Now, in order for the Razor views to be embedded as resources inside this library, we need an additional node in the project.json, called resources where we’ll specify the path to our library-specific views. This is shown in the next listing, illustrating the project.json of that class library:

Note that since we are using the CI feed, and every package involved is latest and greatest, the target framework moniker needs to be dotnet5.5 not dotnet5.4 anymore, but that’s just a detail.

Finally, to stitch it all together we need to instruct ASP.NET MVC 6 to use our external components by adding an EmbeddedFileProvider, pointing to our Reusable.Components class library as one of the available file providers in the web application. This is done at application startup, inside the ConfigureServices method of the Startup class.

Because the FileProviders on the RazorViewEngineOptions is now (in RC2) a collection, we can now inject an extra provider without having to worry about losing the default PhysicalFileProvider.

And that’s about it. You can now add the view component (a call to @await Component.InvokeAsync(“PromotedProducts”)) to any page in your application and use as if it was locally present inside the web app. There are surely plenty of great uses cases of being able to package reusable components this way and use them in various web applications.

As a reminder, all of the source code for this article is available at Github


You can also use this approach in ASP.NET MVC 6 RC1 if you just pull in a CI version (so RC2-compatible) of Microsoft.AspNet.FileProviders.Composite package. It will contain a CompositeFileProvider, which will let you to bundle together the default file provider (PhysicalFileProvider) and an external one such as an EmbeddedFileProvider pointing to your class library with reusabel components. Then you can simply set this instance of CompositeFileProvider on the FileProvider property of RazorViewEngineOptions. The reason for this is that – as mentioned already – MVC 6 RC1 had only a single file provider, while MVC 6 RC2 allows multiple – hence the difference in the apporach.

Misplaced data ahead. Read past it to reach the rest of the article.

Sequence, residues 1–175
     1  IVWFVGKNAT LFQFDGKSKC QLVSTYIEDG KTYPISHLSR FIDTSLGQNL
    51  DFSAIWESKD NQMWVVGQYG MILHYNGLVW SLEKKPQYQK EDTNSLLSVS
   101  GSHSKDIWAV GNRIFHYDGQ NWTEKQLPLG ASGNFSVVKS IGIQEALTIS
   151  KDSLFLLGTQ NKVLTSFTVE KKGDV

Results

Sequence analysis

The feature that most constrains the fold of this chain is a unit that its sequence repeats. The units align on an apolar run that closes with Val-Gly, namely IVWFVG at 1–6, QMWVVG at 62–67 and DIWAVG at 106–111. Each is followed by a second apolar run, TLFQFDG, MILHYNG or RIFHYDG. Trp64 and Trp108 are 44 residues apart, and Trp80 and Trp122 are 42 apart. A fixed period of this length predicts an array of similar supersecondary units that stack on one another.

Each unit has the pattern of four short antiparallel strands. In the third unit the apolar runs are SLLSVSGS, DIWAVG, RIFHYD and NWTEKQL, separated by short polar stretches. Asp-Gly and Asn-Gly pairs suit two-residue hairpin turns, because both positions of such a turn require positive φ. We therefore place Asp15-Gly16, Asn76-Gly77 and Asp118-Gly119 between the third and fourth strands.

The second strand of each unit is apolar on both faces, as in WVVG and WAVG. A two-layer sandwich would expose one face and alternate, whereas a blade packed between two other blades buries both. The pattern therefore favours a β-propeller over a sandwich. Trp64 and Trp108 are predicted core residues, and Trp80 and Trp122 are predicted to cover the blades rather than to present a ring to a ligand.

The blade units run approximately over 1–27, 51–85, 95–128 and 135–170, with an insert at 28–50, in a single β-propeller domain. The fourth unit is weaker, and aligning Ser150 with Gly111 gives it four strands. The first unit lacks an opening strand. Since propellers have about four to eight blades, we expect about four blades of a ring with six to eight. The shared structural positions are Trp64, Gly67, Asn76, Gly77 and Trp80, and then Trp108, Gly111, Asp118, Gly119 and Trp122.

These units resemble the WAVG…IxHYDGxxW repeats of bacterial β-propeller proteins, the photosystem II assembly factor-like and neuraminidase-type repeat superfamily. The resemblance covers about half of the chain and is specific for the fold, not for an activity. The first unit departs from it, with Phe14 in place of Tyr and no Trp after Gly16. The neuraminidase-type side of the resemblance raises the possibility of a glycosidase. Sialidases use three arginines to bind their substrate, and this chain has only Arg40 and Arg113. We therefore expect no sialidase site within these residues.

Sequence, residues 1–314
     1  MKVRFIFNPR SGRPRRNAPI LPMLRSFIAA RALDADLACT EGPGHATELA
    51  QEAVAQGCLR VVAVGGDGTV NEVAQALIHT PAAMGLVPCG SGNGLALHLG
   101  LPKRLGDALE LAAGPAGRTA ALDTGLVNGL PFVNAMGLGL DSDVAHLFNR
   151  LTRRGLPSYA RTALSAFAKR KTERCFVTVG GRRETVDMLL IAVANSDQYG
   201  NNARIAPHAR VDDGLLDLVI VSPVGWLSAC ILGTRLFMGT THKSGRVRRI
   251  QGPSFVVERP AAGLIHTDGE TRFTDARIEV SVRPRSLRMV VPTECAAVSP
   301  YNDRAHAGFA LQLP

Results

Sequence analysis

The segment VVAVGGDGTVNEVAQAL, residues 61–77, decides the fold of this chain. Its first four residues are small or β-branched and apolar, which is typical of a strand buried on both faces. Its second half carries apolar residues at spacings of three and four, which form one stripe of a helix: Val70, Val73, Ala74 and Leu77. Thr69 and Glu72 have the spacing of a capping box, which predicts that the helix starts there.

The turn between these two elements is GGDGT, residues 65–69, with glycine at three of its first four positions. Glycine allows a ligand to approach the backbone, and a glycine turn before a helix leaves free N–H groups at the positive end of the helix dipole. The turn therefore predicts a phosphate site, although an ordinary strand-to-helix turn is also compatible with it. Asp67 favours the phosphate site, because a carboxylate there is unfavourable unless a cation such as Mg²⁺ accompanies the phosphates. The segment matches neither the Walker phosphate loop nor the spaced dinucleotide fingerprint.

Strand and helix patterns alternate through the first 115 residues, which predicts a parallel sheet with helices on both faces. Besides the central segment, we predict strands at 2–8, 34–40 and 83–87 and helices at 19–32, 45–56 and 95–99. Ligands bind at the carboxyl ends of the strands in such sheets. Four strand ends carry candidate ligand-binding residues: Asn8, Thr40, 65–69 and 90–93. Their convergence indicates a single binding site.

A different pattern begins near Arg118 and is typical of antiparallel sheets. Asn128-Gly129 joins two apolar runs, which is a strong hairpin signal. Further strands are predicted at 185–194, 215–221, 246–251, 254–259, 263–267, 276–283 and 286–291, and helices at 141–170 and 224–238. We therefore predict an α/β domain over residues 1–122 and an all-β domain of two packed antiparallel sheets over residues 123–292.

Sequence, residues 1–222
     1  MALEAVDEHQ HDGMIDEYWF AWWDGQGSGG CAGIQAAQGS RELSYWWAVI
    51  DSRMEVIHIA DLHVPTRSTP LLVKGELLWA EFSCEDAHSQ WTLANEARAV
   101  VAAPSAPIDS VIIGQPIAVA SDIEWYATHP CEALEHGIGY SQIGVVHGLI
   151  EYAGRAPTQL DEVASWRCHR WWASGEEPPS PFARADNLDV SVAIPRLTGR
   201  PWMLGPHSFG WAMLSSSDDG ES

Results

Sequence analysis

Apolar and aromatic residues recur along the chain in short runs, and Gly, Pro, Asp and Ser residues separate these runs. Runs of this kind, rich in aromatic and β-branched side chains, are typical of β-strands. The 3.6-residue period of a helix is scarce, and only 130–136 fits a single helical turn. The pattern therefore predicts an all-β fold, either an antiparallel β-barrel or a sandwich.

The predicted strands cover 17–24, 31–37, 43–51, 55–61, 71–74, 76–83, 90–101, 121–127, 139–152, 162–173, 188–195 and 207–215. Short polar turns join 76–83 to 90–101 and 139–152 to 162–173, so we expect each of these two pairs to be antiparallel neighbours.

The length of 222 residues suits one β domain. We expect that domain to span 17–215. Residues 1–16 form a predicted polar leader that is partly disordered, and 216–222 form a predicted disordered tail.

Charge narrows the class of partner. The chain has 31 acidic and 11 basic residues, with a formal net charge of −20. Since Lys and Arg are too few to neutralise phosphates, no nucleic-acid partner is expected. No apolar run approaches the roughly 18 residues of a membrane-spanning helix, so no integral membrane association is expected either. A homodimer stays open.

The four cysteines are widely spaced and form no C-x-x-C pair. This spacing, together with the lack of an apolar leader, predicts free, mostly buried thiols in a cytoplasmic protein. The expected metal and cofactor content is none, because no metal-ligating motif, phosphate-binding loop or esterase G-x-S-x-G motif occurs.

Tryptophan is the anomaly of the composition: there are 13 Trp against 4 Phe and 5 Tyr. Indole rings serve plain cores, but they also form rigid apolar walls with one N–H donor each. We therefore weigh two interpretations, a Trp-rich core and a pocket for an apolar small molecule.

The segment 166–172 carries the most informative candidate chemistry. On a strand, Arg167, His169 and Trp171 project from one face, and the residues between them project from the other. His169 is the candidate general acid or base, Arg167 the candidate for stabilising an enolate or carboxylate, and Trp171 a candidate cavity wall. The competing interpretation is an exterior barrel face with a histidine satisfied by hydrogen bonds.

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  • nelsonlaquet

    Awesome, thanks!

    I do want to ask one small (mostly unrelated) thing though, that I’ve seen around lately but haven’t bothered asking on SO because it sounds like a silly question…

    On this line:

    You use “typeof(…).GetTypeInfo().Assembly” instead of “typeof(…).Assembly”. All it seems to do based off of the decompiled source is call ((IReflectableType)type).GetTypeInfo(). The TypeInfo class implements this interface, and its implementation of GetTypeInfo is simply a “return this;”. Since typeof(…) seems to return a TypeInfo anyway (casted to a Type), this seems redundant.

    There shouldn’t be a difference (statically) between Type.Assembly and TypeInfo.Assembly. Is the static conversion between Type and TypeInfo necessary, or there due to some upcoming API changes to System.Reflection?

  • Søren Reinke

    Please make your site printable.

    We are still people who prefer to lay in our bed or couch, and read a piece of paper :)

  • Alexander Pino

    Hi Filip, would these new changes also allow me to pick/assign Controllers, Views and … Models dynamically? I’d like to be able to select and assign these controllers, views, routes and basically everything … for a CMS. No attributes, no naming conventions, everything dynamic and configurable at run-time. Kind of like Sitecore does. Currently using RC1 I’m finding it hard to intercept and wrap basically everything.

  • Harry McIntyre


    I maintain a VPP project called EmbeddedResourceVirtualPathProvider, and have been wondering about whether or not I’ll need to write a vnext/MVC6/core version. Hopefully not!

    There are a couple of features in my project

    – handles resources in subfolders (can’t tell from the docs if the EmbeddedFileProvider does?)
    – can serve from source files if available to allow live editing (is this irrelevant with the new live compiler)

    Do you happen to know if theses features are covered?

  • Alexsandro

    Did already think to use those dlls dynamically?

    I’m looking for that, implement a possible muit tenant application.

  • Darrell Tunnell

    Good post!
    One thing to note, this doesn’t appear work if you remove the project / assembly reference to your VC component, it seems like the project reference is mandatory, which is useless for extensibility scenarios common of many CMS systems. Repro here:

  • Grahame Horner

    I’m wondering if a CompositeFileProvider that uses Reflection to dynamically load/aggregate registered IFileProvider implementations would be a good idea? and what sort of performance impact this may have with a large number of IFileProviders